Pranitha Sivalingam

The COVID-19 pandemic has presented significant challenges to governments around the world as they balance the protection of public safety and health with upholding our fundamental human rights. In March 2020, the Australian Federal Health Minister was granted sweeping powers under the Biosecurity Act 2020 to make any decisions deemed necessary without the consent of Parliament – even if it is in conflict with existing legislation. Due to the rapid response needed and the unfamiliarity of the pandemic, there was little opportunity to scrutinise the exercise of these powers.

It is now over 18 months since the pandemic began and more than 34 000 Australians remain stranded overseas, while the number of international arrivals has recently been halved. To those Australians who remain stuck overseas, the necessity and proportionality of the government’s restrictions are being questioned.

Human rights protections in Australia

Australia professes a reputation for upholding human rights and freedom, but it is the only democratic country in the world without a national Bill of Rights or Human Rights Charter. Although we claim support for international human rights standards set out in the Universal Declaration of Human Rights, the International Covenant on Civil and Political Rights and the International Covenant on Economic, Social and Cultural Rights these are not always directly enforceable in Australian law. Our Constitution guarantees very minimal rights and only some rights are protected through legislation at the Federal level.  

Victoria, Queensland and the ACT all have a Human Rights Charter or Act and this has been useful as it places human rights protection at the forefront of government decision-making. Additionally, it provides people with a mechanism to challenge certain alleged breaches of these rights. Without a federal Human Rights Charter, the burden falls upon the Parliament to safeguard our human rights when making legislation and there is not always a straight forward mechanism to challenge a violation of these rights.

Safeguarding public health has shown to be a challenge during the pandemic and many restrictions that have been introduced also impact other human rights. The Health Minister’s new powers are vast and many decisions are being made by the National Cabinet – not the Parliament –impacting the democratic process. This has made the transparency of the decision-making process and identifying who is responsible for these decisions increasingly difficult.

Border closure and India travel ban

Since the pandemic begun, many Australian residents have been unable to return as a result of the border closure and a government cap on overseas arrivals. This has resulted in expensive airfares, cancelled flights and many other difficulties for those who are desperate to come home.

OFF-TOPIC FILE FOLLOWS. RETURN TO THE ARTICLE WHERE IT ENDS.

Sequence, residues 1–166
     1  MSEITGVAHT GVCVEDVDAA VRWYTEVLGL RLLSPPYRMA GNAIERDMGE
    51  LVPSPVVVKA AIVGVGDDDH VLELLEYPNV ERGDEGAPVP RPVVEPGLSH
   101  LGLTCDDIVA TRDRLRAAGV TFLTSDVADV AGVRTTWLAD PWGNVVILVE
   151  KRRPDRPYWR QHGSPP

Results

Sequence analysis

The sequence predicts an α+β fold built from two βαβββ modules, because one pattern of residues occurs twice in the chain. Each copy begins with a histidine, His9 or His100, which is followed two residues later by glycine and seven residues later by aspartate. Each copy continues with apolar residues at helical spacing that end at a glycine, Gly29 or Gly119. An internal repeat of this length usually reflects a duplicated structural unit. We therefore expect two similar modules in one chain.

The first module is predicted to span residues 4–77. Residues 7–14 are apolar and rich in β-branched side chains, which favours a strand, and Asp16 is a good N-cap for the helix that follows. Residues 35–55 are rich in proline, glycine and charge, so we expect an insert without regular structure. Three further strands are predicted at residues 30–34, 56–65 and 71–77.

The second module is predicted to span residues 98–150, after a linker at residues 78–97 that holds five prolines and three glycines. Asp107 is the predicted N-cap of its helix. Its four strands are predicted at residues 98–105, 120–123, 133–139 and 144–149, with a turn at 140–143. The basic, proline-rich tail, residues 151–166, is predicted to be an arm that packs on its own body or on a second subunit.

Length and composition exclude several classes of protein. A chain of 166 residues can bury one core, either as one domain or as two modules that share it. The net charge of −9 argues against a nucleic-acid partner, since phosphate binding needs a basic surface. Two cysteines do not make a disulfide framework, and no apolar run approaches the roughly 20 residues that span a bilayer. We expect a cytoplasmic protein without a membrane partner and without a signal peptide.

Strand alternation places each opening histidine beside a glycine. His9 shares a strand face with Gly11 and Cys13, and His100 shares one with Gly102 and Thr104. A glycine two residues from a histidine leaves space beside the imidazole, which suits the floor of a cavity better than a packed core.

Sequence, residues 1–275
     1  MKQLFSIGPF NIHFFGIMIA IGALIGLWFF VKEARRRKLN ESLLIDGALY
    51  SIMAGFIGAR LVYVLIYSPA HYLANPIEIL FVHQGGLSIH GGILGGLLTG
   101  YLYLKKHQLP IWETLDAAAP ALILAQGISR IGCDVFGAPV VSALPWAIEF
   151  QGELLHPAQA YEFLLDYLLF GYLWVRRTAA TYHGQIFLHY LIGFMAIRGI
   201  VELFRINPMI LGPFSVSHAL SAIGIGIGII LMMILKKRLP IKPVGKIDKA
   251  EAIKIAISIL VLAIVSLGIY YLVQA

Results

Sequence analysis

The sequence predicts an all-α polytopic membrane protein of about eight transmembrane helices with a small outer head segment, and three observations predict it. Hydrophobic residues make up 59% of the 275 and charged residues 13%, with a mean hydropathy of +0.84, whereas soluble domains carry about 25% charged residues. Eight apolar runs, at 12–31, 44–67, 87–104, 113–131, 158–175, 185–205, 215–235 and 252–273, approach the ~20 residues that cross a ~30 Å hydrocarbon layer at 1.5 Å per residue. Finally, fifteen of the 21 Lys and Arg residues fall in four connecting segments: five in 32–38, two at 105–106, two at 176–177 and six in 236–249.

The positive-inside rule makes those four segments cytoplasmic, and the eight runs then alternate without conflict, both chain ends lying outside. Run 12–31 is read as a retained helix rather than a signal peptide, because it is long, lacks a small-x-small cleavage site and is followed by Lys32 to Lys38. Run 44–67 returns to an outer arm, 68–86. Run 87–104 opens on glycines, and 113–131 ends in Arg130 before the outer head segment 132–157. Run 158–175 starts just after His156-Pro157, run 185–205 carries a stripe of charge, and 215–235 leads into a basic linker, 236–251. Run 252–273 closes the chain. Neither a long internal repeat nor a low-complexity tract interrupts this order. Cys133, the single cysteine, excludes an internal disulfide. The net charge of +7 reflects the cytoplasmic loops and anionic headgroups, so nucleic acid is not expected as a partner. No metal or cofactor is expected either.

In May 2021, the Australian Government placed a ban on flights arriving from India for a period of two weeks. Australian citizens and residents were left stranded without notice in an environment where the risk was growing exponentially. They were threatened with fines and jailtime if they sought to return.

In July 2021, as another major outbreak occurred and Greater Sydney went into lockdown, the cap for international arrivals was halved.

Australians do have a right to return home. The International Covenant on Civil and Political Rights states that “no one shall be arbitrarily deprived of the right to enter his own country”. As such, it is essential that any deprivation of this liberty be necessary and proportionate and other less restrictive measures are not available.

However, less restrictive measures do exist. McAdam and Saul argue that the Federal Government is not doing enough to facilitate the safe return of as many Australians as possible. The government would have been able to alleviate resource constraints had they established more purpose-built quarantine facilities. Instead of reactionary bans and threatening citizens with jail time, these national quarantine facilities could have been utilised to safely evacuate people who are in a country experiencing mass outbreaks.


This restriction on Australians returning home this deep into a pandemic no longer appears to be the most proportionate or necessary measure. It is unfortunate that those overseas have to bear the brunt of the government’s botched vaccine roll-out and inability to establish an effective way to repatriate Australians abroad. But what is more unfortunate is that there is limited means of redress. Without a Human Rights Charter, it is difficult to understand what our rights are in times like these, let alone have a framework to determine whether they are proportionate and necessary.

In Victoria, where there is a Charter of Human Rights, there was an explicit reference to it when COVID restrictions were announced. Victorians were able to challenge their curfew against the Charter and have an assessment as to how it curtailed their liberties and whether it was necessary.

The absence of such a Charter at the federal level is very apparent in these times. Not only would having a mechanism like a Charter increase accountability of the government, but also agencies and departments, including the police, aged care services, prisons and hospitals.

As many Australian cities go through another round of lockdowns, with millions of people stuck at home unable to work and many still waiting for a vaccine, it is imperative that the individual rights of Australians here and abroad are protected as well as our communities. Without an Australian Charter of Human Rights, that’s something that’s difficult to ensure.

Pranitha Sivalingam is in her penultimate year of a Bachelor of International Studies/Bachelor of Laws and took part in an internship with the Australian Human Rights Institute in Term 2, 2021.